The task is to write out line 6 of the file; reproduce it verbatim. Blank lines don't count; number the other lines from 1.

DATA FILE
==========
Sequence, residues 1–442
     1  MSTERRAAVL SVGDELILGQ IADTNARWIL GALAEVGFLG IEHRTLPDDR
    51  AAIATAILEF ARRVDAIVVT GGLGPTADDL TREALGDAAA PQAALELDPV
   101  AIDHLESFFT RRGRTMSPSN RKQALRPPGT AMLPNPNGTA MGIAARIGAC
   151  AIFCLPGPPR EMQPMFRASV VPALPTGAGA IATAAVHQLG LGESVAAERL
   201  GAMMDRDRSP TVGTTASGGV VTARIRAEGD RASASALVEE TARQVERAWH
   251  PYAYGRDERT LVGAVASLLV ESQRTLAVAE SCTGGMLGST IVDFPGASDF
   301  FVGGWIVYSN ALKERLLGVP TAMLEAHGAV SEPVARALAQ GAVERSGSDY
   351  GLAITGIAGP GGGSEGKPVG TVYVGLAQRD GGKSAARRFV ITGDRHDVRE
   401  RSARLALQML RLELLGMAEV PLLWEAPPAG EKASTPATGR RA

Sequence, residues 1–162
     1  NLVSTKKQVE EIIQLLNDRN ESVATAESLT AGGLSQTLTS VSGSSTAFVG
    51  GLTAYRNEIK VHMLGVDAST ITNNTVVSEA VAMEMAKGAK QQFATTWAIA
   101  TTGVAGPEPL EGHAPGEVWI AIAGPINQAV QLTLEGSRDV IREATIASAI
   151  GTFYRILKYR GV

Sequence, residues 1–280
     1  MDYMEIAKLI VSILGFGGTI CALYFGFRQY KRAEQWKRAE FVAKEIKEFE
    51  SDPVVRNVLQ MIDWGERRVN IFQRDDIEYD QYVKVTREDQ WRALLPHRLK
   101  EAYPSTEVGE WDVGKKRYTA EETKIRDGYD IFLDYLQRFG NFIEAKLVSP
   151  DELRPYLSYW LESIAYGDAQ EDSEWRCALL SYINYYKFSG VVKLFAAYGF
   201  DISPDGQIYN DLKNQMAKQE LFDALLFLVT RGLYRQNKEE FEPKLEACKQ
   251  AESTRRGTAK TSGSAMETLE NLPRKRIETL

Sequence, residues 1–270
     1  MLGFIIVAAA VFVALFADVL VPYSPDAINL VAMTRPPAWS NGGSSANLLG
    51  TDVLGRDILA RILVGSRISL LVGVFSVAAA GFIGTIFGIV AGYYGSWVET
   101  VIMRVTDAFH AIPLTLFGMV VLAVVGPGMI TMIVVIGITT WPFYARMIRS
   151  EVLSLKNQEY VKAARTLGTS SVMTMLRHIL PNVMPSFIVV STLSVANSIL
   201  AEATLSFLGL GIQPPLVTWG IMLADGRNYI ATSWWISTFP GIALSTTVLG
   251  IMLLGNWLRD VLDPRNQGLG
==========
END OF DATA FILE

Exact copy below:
   201  GAMMDRDRSP TVGTTASGGV VTARIRAEGD RASASALVEE TARQVERAWH